This study also presents an alarming trend among adults in the policing profession. Over 60% of the cases of disability retirement was reported among adults between 18 to 40 years of age. While this age group can be the most employed in policing given their ability and endurance, this also points to larger health cost implications for countries such as the UAE where the average life expectancy at birth is 77.9 years [54]. This could add to the fiscal burden of countries to support its retirees. Although UAE reports its health expenditure to be 4.28% of its GDP in comparison to 10.15 in the United Kingdom and 16.77 in the United States [55], it shows an upward trend over the past years and hence attention to its critical security personnel and their health is important.

In general, the total number of sickness absence spells (regardless of spell duration) and for each spell duration (except for spells lasting 1–3 days), the total number of days of sickness absence for all spells and the average length of sickness absence spells were all significant predictors of sickness absence. Apart from spells lasting 1–3 days, the results remained statistically significant even after adjusting additionally for other demographic variables. One outcome that is clear and stands out is that higher the number of spells and number of days and more importantly the higher the number of spells of days more than four weeks (long-term spells), the possibility of disability retirement goes up by at least three times both in the penultimate and the final calendar year. While this aligns with previous studies [22, 23, 56] that report the impact of long-term absence, this study provides new insight to understand the absence behavior over two years. The implication of this is if a police officer request for long-term sickness leaves in higher frequency in a year, with one or more term of four weeks in year, immediate intervention is recommended to mitigate possibility of filing for disability retirement.

In conclusion, this study investigated the association of various measures of sickness absence on disability retirement in the police personnel in Abu Dhabi. The outcomes indicate a strong association of absence and retirement even after controlling for demographic variables. Thus there are many strengths of this study. First, the study matched cases to eligible controls with similar age, sex and same working Administration (at baseline). Sickness absence records were then collected by following cases and controls prospectively (from baseline until disability retirement was granted to cases). This has ensured that cases are matched with controls who had similar work exposures at the start of the study.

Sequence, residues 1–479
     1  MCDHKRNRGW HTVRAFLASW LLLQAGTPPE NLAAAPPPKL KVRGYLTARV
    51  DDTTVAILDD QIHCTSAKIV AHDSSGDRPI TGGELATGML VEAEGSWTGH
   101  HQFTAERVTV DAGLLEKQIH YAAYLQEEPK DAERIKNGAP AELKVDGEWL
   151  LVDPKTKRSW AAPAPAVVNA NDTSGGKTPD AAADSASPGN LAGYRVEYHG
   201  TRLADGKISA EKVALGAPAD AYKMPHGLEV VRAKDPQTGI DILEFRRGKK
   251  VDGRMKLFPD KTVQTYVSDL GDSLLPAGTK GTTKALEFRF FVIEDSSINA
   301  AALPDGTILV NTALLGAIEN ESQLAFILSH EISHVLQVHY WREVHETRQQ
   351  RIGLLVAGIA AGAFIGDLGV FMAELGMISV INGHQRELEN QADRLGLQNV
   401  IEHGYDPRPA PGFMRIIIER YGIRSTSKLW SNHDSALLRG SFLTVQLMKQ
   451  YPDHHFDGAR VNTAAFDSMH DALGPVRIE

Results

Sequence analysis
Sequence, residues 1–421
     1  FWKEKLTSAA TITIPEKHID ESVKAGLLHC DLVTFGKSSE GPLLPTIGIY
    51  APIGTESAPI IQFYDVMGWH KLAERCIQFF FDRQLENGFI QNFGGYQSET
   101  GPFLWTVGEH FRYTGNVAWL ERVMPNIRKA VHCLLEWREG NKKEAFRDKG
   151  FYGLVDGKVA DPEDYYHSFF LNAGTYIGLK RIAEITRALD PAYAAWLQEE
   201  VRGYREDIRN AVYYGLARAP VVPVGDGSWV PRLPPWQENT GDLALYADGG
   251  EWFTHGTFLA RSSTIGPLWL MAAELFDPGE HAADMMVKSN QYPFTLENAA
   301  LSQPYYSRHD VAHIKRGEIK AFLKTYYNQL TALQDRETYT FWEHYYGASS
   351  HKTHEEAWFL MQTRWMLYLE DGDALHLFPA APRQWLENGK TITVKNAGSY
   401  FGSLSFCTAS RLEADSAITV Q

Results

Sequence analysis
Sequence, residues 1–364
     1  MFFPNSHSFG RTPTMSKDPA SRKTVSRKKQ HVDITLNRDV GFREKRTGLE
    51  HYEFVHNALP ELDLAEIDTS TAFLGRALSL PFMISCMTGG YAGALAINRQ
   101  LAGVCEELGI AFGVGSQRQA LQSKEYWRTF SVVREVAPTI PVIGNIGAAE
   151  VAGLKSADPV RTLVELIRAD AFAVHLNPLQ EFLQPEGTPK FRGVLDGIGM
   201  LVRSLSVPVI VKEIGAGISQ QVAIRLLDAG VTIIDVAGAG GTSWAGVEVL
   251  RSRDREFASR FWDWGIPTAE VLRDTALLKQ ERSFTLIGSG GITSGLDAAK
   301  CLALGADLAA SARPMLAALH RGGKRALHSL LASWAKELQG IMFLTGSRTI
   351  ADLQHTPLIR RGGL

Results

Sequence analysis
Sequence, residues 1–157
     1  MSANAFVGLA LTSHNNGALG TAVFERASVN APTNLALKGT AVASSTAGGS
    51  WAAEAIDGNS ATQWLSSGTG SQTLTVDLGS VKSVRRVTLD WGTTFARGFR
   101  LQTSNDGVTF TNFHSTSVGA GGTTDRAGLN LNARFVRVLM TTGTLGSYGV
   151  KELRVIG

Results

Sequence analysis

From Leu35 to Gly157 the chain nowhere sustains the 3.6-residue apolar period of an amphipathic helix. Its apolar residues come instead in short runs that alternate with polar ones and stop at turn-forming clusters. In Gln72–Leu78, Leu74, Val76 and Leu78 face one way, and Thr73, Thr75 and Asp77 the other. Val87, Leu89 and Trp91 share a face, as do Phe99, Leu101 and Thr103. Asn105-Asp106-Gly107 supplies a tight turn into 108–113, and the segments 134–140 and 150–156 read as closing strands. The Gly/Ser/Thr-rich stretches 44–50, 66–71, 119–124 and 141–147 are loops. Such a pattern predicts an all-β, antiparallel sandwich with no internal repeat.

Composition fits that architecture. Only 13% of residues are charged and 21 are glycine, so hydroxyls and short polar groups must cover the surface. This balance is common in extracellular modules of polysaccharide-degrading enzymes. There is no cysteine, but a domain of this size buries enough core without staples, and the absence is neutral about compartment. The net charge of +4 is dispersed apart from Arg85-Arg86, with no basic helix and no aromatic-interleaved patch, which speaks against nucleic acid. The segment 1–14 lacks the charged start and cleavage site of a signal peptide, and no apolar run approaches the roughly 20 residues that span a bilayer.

Secondly, although many of the previous studies utilized register-based data of sickness absence, one main strength of this study is the fact that Abu Dhabi Police implements a rigid system of recording sickness absence whereby all sickness absence spells regardless of duration are recorded in the Sickness Absence Human Resources System. This has allowed for accurate estimation of the association of short term sickness absence spells of 1–3 days with disability retirement. Thirdly, this study is one of very few to evaluate risk of disability retirement for different measures of sickness absence [3, 38] or average length of sickness absence spells [3, 10].

In addition, the evaluation of the sickness absence in this study was made using various measures of sickness absence, namely, number of days of sickness absence, number of spells of sickness absence and average length of sickness absence spells. This has allowed the results to be displayed for each exposure period separately and combined as well as all spells (regardless of spell duration) and for each spell duration separately. Although these three sickness absence measures predicted disability retirement, this study showed that the number of sickness absence spells and the number of days of sickness absence are equally good predictors of sickness absence while the average length of sickness absence spells had lower predictability of disability retirement than the latter two sickness absence measures.